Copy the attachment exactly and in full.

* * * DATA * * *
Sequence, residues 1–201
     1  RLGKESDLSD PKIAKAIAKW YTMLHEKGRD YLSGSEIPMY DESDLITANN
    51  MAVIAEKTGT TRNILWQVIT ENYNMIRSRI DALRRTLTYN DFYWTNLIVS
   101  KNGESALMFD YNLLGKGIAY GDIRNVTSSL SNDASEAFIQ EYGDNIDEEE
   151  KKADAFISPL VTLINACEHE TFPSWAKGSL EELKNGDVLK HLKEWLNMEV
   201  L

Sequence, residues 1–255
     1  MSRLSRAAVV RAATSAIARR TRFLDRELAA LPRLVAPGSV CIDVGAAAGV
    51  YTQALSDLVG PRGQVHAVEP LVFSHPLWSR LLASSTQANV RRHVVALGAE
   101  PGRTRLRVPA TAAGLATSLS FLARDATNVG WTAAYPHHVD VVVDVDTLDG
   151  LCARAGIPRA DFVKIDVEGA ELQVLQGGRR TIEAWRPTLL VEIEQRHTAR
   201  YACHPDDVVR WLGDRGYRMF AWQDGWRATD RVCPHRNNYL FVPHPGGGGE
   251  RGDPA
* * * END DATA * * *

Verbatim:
Sequence, residues 1–201
     1  RLGKESDLSD PKIAKAIAKW YTMLHEKGRD YLSGSEIPMY DESDLITANN
    51  MAVIAEKTGT TRNILWQVIT ENYNMIRSRI DALRRTLTYN DFYWTNLIVS
   101  KNGESALMFD YNLLGKGIAY GDIRNVTSSL SNDASEAFIQ EYGDNIDEEE
   151  KKADAFISPL VTLINACEHE TFPSWAKGSL EELKNGDVLK HLKEWLNMEV
   201  L

Sequence, residues 1–255
     1  MSRLSRAAVV RAATSAIARR TRFLDRELAA LPRLVAPGSV CIDVGAAAGV
    51  YTQALSDLVG PRGQVHAVEP LVFSHPLWSR LLASSTQANV RRHVVALGAE
   101  PGRTRLRVPA TAAGLATSLS FLARDATNVG WTAAYPHHVD VVVDVDTLDG
   151  LCARAGIPRA DFVKIDVEGA ELQVLQGGRR TIEAWRPTLL VEIEQRHTAR
   201  YACHPDDVVR WLGDRGYRMF AWQDGWRATD RVCPHRNNYL FVPHPGGGGE
   251  RGDPA